Chembo’s Quintet takes every opportunity for powerful solos and they do not disappoint. This Monk piece creates the ideal setting for this group of exquisite musicians to enthrall and thrill.
The following track is easily the most emotional and moving piece of the album. Composed by the great Chucho Valdés, “Claudia” was arranged by Chembo Corniel. This song is a smoky jazz sweetheart. Ivan Renta’s breathy sax solos are a smoldering expression of what must have been in Valdés’ heart as he composed this. Villafranca’s piano runs form intriguing counter-point to the sax.
The listener is jolted from their sentimental reverie as Chembo and Cherico turn on the churning percussion to open the next track entitled “Don Quijote.” Another Villafranca original, it again allows for the corps progressions that bring all guns to bear. The rhythm section creates earthy support of the high-flying ideals expressed in the sax and piano solos. This is the second piece that keeps a listener coming back for more of it. Villafranca’s writing skills are well-honed and intricate. Think Chick Corea.
Vince Cherico’s drumming is pronounced and captivating. Come back for more of this one.
The last track is a Wayne Shorter number and arranged by Chembo. It is also Jimmy Owens’ second appearance on the album. He fits so well alongside Ivan Renta which makes them a dream horn section. It also features another sweet bass solo from Carlo DeRosa and now-to-be-expected fine piano work from Villafranca. The album concludes with all the players in unison; a fitting conclusion indeed.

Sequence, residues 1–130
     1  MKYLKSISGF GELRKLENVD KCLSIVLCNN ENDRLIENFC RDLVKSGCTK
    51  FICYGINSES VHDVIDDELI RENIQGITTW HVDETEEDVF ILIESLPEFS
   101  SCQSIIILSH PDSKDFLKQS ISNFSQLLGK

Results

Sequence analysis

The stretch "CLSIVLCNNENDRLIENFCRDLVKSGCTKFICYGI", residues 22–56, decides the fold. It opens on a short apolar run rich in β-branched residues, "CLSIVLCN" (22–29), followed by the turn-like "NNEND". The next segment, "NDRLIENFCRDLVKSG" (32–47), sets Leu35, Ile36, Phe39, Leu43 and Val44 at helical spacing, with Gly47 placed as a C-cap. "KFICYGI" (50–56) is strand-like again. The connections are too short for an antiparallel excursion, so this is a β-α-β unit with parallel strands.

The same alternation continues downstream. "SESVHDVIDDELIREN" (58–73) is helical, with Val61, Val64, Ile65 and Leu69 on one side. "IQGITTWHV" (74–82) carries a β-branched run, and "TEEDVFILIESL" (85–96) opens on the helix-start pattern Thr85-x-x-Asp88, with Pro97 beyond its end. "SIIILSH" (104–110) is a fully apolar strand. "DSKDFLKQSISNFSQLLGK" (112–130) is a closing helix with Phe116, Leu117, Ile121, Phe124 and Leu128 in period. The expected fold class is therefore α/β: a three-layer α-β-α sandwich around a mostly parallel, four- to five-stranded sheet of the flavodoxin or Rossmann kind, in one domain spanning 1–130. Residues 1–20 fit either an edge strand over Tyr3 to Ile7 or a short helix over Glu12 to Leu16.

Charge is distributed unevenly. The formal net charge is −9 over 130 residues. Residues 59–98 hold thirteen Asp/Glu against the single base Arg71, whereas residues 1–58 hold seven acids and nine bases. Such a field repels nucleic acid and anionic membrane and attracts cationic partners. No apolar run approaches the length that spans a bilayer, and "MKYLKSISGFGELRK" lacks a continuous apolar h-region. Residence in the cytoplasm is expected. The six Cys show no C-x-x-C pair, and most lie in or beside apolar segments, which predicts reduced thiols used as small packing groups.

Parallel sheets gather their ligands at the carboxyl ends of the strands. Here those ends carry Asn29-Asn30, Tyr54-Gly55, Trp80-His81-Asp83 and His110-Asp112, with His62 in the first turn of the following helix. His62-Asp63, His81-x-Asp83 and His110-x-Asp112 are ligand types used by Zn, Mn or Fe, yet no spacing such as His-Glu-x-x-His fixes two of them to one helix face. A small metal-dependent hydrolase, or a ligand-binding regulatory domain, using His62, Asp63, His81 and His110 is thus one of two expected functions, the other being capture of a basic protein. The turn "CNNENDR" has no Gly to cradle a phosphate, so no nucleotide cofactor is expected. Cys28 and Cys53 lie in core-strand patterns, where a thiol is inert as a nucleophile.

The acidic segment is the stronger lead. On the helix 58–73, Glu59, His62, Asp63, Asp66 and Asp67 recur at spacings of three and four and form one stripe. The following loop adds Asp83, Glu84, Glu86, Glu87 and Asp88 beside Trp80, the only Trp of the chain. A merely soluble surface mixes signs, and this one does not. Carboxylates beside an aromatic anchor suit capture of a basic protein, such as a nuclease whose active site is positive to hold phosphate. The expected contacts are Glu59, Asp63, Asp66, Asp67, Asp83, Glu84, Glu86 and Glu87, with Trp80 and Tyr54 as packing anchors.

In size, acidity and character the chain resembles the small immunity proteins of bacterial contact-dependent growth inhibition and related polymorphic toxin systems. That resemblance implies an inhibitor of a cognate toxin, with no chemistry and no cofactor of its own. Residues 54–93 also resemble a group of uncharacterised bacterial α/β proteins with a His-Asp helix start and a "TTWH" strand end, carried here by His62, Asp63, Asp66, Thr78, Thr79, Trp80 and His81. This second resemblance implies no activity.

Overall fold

One comes to expect that a band with a drummer or percussionist bandleader is going to simply be in support of that percussionist. Jack Parnell and Buddy Rich come to mind. Often the solos were simply interminable as the drummer/percussionist kept the spotlight firmly to themselves…especially Rich. Among the great Latin Jazz percussionist bandleaders like Bobby Sanabria and Wilson “Chembo” Corniel, this has not proven to be the case. While listening to “Afro Blue Monk” it is almost impossible to keep in mind that the leader of this band is a percussionist. In fact, no one musician stands out above the rest. This is shared ground. For a lover of jazz, this is sacred ground.
One of the great lessons taught to young musicians is on creating space for other performers. It speaks of selfless love for the music and the band-mates, pointing to the music as the goal. In this same way, Chembo has created a band and a band philosophy of creating space and he is the chief example of it. There is good reason that this band, “Grupo Chaworo,” has lasted for ten years.
He has also found the right way of taking historic pieces and mixing them with new compositions and brand new arrangements to create a sound and a feel that is fresh but grounded, innovative but reverent.
There have been precious few new recordings that have excited me so. I was captured from the opening bars of the first track and was relentlessly but delightedly held until the very end. There is integrity and exploration to be found here… and so much beauty.
The CD is on the American Showplace Music label (catalog no. 149635730), sold and distributed by Allegro Music.